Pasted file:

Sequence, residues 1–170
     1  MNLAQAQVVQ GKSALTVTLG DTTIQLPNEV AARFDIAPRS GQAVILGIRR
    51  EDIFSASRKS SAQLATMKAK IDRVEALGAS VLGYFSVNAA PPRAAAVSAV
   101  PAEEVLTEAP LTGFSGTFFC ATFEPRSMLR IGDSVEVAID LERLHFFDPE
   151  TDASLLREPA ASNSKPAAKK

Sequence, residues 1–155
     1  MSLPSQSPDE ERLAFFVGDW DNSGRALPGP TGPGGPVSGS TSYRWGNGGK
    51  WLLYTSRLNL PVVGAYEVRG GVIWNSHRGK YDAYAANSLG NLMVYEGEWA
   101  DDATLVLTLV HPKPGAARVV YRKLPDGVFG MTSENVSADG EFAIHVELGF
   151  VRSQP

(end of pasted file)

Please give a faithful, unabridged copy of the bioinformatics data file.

Sequence, residues 1–170
     1  MNLAQAQVVQ GKSALTVTLG DTTIQLPNEV AARFDIAPRS GQAVILGIRR
    51  EDIFSASRKS SAQLATMKAK IDRVEALGAS VLGYFSVNAA PPRAAAVSAV
   101  PAEEVLTEAP LTGFSGTFFC ATFEPRSMLR IGDSVEVAID LERLHFFDPE
   151  TDASLLREPA ASNSKPAAKK

Sequence, residues 1–155
     1  MSLPSQSPDE ERLAFFVGDW DNSGRALPGP TGPGGPVSGS TSYRWGNGGK
    51  WLLYTSRLNL PVVGAYEVRG GVIWNSHRGK YDAYAANSLG NLMVYEGEWA
   101  DDATLVLTLV HPKPGAARVV YRKLPDGVFG MTSENVSADG EFAIHVELGF
   151  VRSQP